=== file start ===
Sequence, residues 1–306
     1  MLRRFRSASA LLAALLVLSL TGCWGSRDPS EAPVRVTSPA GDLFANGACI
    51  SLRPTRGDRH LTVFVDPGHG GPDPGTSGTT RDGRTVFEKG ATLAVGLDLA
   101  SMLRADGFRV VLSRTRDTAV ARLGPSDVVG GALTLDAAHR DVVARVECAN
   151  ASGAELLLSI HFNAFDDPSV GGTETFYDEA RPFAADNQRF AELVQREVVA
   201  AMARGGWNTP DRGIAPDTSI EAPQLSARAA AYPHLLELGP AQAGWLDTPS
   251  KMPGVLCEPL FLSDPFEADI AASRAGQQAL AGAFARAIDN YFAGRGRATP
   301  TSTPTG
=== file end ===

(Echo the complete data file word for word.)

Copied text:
Sequence, residues 1–306
     1  MLRRFRSASA LLAALLVLSL TGCWGSRDPS EAPVRVTSPA GDLFANGACI
    51  SLRPTRGDRH LTVFVDPGHG GPDPGTSGTT RDGRTVFEKG ATLAVGLDLA
   101  SMLRADGFRV VLSRTRDTAV ARLGPSDVVG GALTLDAAHR DVVARVECAN
   151  ASGAELLLSI HFNAFDDPSV GGTETFYDEA RPFAADNQRF AELVQREVVA
   201  AMARGGWNTP DRGIAPDTSI EAPQLSARAA AYPHLLELGP AQAGWLDTPS
   251  KMPGVLCEPL FLSDPFEADI AASRAGQQAL AGAFARAIDN YFAGRGRATP
   301  TSTPTG